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Excerpt from Oral History Interview with Elizabeth Brown, June 17, 2005. Interview U-0019. Southern Oral History Program Collection (#4007) See Entire Interview >>

White students resist desegregation and the politicians who oversee it

Illustrating the difference in mindset between students at black and white schools, Brown recalls differing responses to John F. Kennedy's assassination: students at white schools celebrated while students at black schools mourned. She remembers that students at one white school responded so raucously to desegregation that one teacher recruited football players to act as bodyguards for black students.

Citing this Excerpt

Oral History Interview with Elizabeth Brown, June 17, 2005. Interview U-0019. Southern Oral History Program Collection (#4007) in the Southern Oral History Program Collection, Southern Historical Collection, Wilson Library, University of North Carolina at Chapel Hill.

Full Text of the Excerpt

But I think from the very beginning the integration was very peaceful. From what I understand in some of the schools they had four football players escorting each kid to class, two in front and two behind. The coach told them they'd better not have any incident of anyone interfering with them, but I suspect the football players probably didn't like that, but they were told to do it and they did do it.
KIMBERLY HILL:
I've never heard that story.
ELIZABETH BROWN:
Um hmm. That was at West End. I had a friend that taught at West End, and that's why I knew that. This has nothing to do with integration, but it's so typical of how the South was in those days. When Kennedy was killed, this, they had a huge celebration at West End. They were in their classes whooping and hollering led by the teachers because one of the teachers that was my friend was Catholic, and she was horrified at it. Then I had another friend later on in life who graduated from one of the-I guess Ramsey at the time was considered a premier white school. It wasn't a magnet school, but it drew from an area where there were a lot of wealthy people on the southside. They were whooping and hollering and everything [about the Kennedy assassination]. I think Carroll and probably the black schools were the only ones that were mourning. He said later when he went home and saw the TV coverage, he was mortified at the way they celebrated. He and his friends also, another friend who was in another school, another area. I'm not exactly sure, but they were all celebrating.
KIMBERLY HILL:
Was this President John Kennedy [as opposed to Robert Kennedy]?
ELIZABETH BROWN:
President Kennedy in Dallas.
KIMBERLY HILL:
Wow.
ELIZABETH BROWN:
They thought it was wonderful. So that was the attitude. So I don't know if it was because of the integration part or he was a northerner or he was a Catholic or what. I just knew that this was-
KIMBERLY HILL:
I did talk with a doctor who integrated Ramsey High back in '63. He said he remembers students telling him the day Kennedy was killed, yeah, you're next. You're next.
ELIZABETH BROWN:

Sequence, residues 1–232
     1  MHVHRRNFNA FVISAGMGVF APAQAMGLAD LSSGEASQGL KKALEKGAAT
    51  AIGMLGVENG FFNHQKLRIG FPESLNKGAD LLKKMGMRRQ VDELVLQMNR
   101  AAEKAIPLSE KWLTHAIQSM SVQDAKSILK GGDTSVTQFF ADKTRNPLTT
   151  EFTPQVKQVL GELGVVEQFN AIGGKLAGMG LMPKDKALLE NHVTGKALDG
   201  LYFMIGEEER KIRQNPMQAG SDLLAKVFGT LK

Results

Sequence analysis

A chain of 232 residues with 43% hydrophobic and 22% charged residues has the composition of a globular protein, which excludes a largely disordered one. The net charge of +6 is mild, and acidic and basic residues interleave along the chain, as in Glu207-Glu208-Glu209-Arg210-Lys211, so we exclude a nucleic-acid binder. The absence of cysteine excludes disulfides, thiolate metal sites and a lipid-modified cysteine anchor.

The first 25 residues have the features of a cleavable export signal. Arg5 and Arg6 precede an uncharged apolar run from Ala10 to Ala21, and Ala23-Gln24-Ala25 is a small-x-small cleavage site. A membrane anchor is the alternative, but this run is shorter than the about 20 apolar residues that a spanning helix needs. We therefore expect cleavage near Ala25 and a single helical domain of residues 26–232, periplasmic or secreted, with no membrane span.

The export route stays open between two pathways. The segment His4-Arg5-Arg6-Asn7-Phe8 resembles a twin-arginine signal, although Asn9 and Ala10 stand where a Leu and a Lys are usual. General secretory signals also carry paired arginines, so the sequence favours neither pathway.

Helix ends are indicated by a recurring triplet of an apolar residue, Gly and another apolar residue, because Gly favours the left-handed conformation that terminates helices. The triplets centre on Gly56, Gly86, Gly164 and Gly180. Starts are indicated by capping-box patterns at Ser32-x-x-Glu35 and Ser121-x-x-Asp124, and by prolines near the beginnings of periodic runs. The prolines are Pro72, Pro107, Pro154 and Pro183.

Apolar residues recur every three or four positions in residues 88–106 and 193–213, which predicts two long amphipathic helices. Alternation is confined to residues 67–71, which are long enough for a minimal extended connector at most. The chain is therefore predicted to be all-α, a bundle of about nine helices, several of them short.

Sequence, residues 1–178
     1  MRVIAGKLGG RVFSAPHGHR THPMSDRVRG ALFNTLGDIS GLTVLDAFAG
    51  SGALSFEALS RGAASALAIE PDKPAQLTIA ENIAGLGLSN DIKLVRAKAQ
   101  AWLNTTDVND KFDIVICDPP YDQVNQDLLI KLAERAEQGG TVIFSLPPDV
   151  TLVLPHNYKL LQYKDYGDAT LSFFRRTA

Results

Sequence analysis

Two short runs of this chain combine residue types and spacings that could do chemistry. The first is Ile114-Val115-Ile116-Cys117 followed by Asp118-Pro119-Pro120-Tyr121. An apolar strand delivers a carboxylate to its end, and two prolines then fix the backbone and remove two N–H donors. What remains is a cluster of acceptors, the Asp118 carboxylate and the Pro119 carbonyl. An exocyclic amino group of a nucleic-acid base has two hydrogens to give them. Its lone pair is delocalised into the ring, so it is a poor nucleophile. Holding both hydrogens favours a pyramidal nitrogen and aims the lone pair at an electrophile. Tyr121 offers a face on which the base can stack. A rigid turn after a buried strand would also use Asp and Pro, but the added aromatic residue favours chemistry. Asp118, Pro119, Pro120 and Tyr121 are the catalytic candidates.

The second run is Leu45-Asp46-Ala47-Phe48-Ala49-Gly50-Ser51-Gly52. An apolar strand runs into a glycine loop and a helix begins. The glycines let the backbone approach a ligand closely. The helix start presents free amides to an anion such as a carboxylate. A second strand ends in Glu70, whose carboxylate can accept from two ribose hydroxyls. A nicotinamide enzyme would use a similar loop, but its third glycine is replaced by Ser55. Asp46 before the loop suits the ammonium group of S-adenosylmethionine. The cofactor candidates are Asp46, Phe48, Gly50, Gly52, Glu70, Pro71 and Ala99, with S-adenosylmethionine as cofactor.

Really. Well, that's where my friend graduated [from]. I had two friends who were sort of contemporaries of mine. I'm not sure where the other one went to school. It wasn't at Ramsey. They were also celebrating, but West End went totally wild from what I understand. No more classes that day. We had an old teacher, golly, she was-she retired from the public school system, and they say she ran any school she was in. The principal, she had more power than any principal. Then she went to work in a Catholic grade school as a librarian, and then they were getting better and better, and they felt like they needed a real librarian. So she lived right near the old school. In fact all she had to do was cross one street to get to it. She asked if she could work there, or work for us. I don't know what they paid her, almost nothing. She thought it was wonderful she could eat in the cafeteria free. She was quite wealthy. I think some of the parents who she taught at Phillips said that she had the same clothes that she wore at Phillips. She doesn't believe in spending a lot of money. But one of the students and one of the teachers had a writing class and had to talk about someone so she interviewed her at Phillips. What she did at Phillips-she said all these people at West End when they were integrating, they were out whooping and hollering, their cars and riding on the top of the cars and all that sort of stuff, just utter chaos. No schooling, no classes were going on. They came to Phillips to get their kids to come out and join them, and the principal was so nervous he came to this lady, can't think of her name right now, and they said, what can I do? I don't know what to do. Our kids are about ready to walk out of school, and she says "get me the student council president and all the football players." So they all met and she said, "Are we going to let the West End people tell us what to do?" She said so, they went out and got the kids that had left Phillips to come back in, march back in, and the newspapers wanted to interview her and the principal protected her. All the newspapers said is this little old gray-haired lady and a bunch of big boys got the kids to come back into the school at the same time. So she sort of saved Phillips' reputation by appealing to the rivalry between the two big public schools. So that was sort of the situation at Phillips. I don't know if they integrated, but West End was the typical hot spot, the one that took it the worst. I don't know how long they were out running around in cars and so on. It was just like I said no schooling going on at that time. But I don't know how long that lasted.